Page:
As you can see in the video, I shook out the shrubs onto a bright blanket, placing tumbling beetles and larvae in a glass jar which became enormously interesting to local kids. We had about 30 bugs in there by the end. The leaf layer was totally cleared and I hard pruned all of the shrubs. The Rue had to go, sadly as I loved it and few people seem to grow it these days. However, I was delighted to find that it had spawned a few babies, growing between paving slabs so I hope they will make it in the newly prepared plot. My daughter and I scoured the geveltuin and surrounding area for more beetles and larvae before giving the remaining plants a really good watering and then enriching the soil slightly with a bucketful of spent compost (which I collect from my old rooftop pots). Later, I added a couple of lupin seedlings which I had on the roof, a few radish and beetroot seeds, some potted tulips from the kitchen balcony and some self-seeded Lemon balm, which was growing across the street in the gutter. A cheap and cheerful geveltuin makeover! The project took a few hours and I am satisfied with the result.

Rosemary beetle. Photo credit: Secret garden.

Prevention
It took me a couple of years to give in to the fact that these pin-stripe armored beetles were beautifully munching through my herb garden and that I was providing them with perfect overwintering conditions. From now on, I intend to keep the plot more open and airy, more species rich and attractive to predatory and pollinating bugs and I will water the plants regularly, especially when they appear to be under pressure. I also plan to place a bird nesting box on the street tree across the pavement and will feed the plants with comfrey & nettle tea, when the mood strikes me.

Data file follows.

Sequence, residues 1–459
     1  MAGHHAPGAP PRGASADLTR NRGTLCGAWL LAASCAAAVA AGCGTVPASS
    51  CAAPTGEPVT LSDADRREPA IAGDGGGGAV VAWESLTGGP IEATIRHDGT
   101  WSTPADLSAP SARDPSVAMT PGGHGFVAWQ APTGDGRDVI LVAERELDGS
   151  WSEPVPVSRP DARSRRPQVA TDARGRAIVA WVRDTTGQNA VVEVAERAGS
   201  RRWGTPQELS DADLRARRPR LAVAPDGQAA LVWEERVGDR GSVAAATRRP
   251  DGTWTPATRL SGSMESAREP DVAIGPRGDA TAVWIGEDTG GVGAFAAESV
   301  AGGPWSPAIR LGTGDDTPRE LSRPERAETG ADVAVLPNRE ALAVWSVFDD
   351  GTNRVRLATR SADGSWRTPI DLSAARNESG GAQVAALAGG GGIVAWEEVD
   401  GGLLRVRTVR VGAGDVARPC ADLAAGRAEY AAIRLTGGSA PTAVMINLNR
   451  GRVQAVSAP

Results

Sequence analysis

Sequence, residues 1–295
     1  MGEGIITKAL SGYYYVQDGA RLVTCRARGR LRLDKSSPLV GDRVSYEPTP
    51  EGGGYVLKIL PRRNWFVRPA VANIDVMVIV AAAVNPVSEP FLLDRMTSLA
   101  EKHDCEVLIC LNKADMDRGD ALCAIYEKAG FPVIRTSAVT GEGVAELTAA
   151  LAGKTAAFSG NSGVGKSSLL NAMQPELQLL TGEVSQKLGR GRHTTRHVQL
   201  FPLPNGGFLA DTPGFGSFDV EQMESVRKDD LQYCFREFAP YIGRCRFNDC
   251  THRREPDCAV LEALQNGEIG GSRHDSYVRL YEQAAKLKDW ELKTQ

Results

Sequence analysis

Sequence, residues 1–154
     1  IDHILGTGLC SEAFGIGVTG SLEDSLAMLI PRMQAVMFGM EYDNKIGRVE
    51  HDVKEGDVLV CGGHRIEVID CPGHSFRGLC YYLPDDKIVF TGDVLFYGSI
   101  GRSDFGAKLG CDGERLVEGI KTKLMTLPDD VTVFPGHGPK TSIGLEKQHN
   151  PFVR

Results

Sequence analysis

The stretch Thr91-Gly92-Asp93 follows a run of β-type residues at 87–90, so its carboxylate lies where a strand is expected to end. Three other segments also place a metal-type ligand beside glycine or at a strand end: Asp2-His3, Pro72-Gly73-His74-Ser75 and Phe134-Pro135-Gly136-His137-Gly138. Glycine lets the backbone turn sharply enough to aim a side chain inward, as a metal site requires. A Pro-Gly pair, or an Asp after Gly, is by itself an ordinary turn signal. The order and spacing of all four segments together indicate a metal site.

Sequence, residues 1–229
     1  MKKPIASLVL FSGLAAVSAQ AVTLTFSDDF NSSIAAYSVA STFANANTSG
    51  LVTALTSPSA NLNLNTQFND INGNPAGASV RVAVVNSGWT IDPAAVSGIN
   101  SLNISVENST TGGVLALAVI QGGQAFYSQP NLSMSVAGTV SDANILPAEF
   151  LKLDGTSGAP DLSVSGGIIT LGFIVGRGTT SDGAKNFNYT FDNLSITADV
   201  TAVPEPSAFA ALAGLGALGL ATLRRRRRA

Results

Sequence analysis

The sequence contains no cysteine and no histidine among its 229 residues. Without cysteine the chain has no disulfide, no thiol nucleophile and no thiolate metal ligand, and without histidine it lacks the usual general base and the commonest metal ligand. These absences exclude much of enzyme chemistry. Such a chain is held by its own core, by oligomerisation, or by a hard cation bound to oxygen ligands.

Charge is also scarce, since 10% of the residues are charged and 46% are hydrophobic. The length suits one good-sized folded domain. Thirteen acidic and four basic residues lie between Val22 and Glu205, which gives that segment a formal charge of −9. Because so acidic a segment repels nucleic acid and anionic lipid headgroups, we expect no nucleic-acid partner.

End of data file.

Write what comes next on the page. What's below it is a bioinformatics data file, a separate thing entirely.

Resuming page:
In the hope that I can help others to spot Rosemary beetle and deal with it more quickly, I made a short video, which you can see here. My daughter and I had fun editing this one so we hope that you find it useful.

Squish or Release?
So what happened to the collected beetles and larvae in the glass jar? Well, I did squish one on the pavement in frustration, the day before the clean up operation and I felt really bad about it. Killing them didn’t feel right at all and I knew well that these bugs were here for a while and I had allowed them to get out of control. I needed to help nature to restore beetle balance. After a chat with a gardening friend, I decided that the best solution was release these little beasts into a more bio-diverse area, away from aromatic herbs and where natural predators could feast on them or they had a chance to escape and live among other species of insects. This morning, we took them to a grassy area, close to water and let them go.

Have you got a beetle problem? If so, how are you dealing with it? What would you have done with the captured beetles? Do you have other herby-pesty problems and can you think of better ways for people to keep their herbs healthy? Do let me know as I would love to hear!